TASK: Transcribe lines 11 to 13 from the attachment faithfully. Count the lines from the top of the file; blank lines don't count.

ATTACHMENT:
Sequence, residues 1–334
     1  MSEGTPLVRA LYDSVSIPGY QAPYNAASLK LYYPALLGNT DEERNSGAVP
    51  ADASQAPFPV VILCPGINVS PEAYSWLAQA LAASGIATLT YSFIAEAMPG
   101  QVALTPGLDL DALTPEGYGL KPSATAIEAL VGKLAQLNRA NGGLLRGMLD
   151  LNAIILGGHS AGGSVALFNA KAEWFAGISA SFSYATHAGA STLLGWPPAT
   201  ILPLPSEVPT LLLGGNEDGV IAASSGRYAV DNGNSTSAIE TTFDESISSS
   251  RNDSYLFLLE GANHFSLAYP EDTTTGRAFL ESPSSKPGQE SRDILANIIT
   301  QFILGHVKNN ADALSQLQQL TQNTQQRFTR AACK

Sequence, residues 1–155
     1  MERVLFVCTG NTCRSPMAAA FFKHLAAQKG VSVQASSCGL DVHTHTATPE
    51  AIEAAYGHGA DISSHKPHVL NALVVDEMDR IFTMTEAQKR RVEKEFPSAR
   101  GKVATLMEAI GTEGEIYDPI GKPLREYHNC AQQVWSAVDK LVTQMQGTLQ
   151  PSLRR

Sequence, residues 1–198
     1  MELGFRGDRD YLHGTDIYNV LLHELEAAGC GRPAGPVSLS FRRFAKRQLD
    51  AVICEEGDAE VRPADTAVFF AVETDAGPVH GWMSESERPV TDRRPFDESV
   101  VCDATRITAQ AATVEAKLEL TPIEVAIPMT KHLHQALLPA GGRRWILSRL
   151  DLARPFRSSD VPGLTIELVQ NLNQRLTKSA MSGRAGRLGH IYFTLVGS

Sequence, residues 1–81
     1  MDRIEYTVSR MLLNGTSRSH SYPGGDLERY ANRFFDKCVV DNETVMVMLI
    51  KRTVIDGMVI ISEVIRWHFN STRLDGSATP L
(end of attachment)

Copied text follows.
    51  AIEAAYGHGA DISSHKPHVL NALVVDEMDR IFTMTEAQKR RVEKEFPSAR
   101  GKVATLMEAI GTEGEIYDPI GKPLREYHNC AQQVWSAVDK LVTQMQGTLQ
   151  PSLRR